Classical foundationalism has typically held, as phantomreader42 argues here, that the only beliefs that are properly basic are "true by definition (x=x, there's no such thing as dry water), evident to the senses...or a self-evident axiom..." But is this necessarily the case? Think about it, if we are formulating our epistemology on that statement, then it should be consistent within its own system, shouldn't it? But the statement "A properly basic belief needs to either be something true by definition (x=x, there's no such thing as dry water), evident to the senses (which your god isn't), or a self-evident axiom" itself is not true by definition, it is not evident to the senses, and it is not a self-evident axiom. It's simply an arbitrary definition adopted by some people in order to justify their belief system. In other words, poor phantomreader42 holds to a self defeating epistemology.
But surely, someone like phantomreader42 could say, this is a good epistemic rule by which to come to knowledge of the world. I don't think it is. If that were our foundation, we would have no reason to trust in the very things it proposes we rely on. If we are simply the products of chance and natural selection by means of random mutations 'choosing' survivable traits, then our brains have developed only to help us survive. If that is the case, then any studies or methods of coming to knowledge we have developed rest on this brain that evolved to survive. So if certain beliefs are beneficial to survival, they will continue to be utilized by the brain to continue our life. If this is the case, then there may be false beliefs that we think are true because they would help us to survive. If this is the case, then there is little reason to trust any of the beliefs we hold to actually correspond to reality. Even the belief that our studies have led us to the belief that our minds have evolved randomly would be suspect.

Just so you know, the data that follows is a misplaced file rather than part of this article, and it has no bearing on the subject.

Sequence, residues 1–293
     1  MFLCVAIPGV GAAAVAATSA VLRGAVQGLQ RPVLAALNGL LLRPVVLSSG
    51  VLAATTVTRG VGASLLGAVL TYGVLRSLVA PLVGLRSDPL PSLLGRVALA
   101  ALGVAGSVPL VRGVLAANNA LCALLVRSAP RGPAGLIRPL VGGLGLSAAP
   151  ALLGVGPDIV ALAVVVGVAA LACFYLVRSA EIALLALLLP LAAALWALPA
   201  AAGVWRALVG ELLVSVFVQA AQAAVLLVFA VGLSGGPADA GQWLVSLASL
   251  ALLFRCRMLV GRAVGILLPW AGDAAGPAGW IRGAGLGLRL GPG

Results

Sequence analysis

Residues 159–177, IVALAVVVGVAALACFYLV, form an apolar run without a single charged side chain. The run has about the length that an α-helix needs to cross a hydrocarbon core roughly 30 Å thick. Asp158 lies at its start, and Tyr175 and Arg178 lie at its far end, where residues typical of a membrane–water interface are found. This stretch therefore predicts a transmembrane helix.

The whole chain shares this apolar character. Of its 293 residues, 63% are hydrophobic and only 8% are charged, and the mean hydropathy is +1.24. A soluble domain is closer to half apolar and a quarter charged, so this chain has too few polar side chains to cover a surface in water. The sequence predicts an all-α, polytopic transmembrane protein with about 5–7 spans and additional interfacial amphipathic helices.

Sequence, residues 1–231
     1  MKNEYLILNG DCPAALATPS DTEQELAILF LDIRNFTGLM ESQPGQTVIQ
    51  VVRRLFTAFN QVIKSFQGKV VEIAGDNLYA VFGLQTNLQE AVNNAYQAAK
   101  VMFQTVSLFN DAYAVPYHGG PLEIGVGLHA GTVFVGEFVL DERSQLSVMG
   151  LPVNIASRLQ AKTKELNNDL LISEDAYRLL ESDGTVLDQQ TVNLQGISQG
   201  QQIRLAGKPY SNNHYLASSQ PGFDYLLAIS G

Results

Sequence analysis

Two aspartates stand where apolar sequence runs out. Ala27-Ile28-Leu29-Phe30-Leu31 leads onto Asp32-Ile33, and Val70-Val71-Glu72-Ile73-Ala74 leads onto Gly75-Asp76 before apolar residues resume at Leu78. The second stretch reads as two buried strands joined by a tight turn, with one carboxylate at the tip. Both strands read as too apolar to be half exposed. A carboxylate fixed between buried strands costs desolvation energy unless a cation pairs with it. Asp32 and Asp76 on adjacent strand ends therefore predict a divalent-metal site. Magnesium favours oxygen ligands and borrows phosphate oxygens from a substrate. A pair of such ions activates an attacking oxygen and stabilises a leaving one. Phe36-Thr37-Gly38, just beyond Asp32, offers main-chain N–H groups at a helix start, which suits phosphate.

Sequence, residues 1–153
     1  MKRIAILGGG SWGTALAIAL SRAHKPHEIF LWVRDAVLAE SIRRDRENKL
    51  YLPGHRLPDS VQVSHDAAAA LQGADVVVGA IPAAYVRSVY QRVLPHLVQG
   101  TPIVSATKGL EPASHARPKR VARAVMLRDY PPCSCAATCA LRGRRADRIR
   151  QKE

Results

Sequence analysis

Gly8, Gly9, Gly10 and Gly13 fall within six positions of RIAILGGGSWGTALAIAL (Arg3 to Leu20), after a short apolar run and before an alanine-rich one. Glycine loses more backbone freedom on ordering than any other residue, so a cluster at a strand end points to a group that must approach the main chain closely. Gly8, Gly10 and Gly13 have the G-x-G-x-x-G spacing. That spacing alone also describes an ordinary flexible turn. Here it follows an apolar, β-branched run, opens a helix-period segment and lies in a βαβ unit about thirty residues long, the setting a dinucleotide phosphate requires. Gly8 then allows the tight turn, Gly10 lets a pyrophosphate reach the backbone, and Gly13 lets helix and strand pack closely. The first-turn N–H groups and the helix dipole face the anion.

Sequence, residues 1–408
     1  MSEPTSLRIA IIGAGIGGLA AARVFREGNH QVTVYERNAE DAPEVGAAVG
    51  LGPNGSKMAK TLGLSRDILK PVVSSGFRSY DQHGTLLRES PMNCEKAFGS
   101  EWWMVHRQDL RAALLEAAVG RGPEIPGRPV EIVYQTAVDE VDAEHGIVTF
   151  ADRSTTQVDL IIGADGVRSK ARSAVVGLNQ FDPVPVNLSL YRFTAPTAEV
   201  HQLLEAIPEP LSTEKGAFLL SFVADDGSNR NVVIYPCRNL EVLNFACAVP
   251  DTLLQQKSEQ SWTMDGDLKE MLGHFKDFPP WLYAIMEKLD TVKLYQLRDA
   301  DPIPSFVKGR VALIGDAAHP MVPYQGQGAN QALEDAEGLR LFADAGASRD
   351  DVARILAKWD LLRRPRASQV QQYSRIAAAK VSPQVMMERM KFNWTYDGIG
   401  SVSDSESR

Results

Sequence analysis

The naturalist would have trouble arguing against this, because they themselves postulate that humanity evolved religion, which in their minds is a false belief, to aid in survival. Not only that, but we could conceive of other false beliefs that would help us survive. Say a caveman thought that it is true that the best thing that could happen to him would be to be eaten by a dinosaur. Say too that he thinks the best way to go about being eaten is to run like heck every time he sees this dinosaur. Of course it is false that the best way to be eaten by a dinosaur is to run from it. But it helps our caveman friend to survive, yet it is a false belief.
With this in mind, it is hard to see any reason to hold that any of our beliefs would be true using this method of epistemology.
However, if we hold as our foundation that God exists and has created our minds to come to true knowledge, then we have a good, non-self-defeating epistemic foundation on which to build further beliefs. We can be assured that a maximally great being would not create our senses to fool us, but to give us pretty good information about the world we live in. Further, we could trust that our methods of reasoning and scientific inquiry would lead us to further truth if followed faithfully. We'd have a ground for the laws of logic, for different sorts of abstract objects, and for the ethical morality that is inherent in logical reasoning (ie it's bad to use fallacious arguments).
The Christian world view is reasonable, and is internally consistent, and I see no reason to not hold it as the foundation of one's belief system.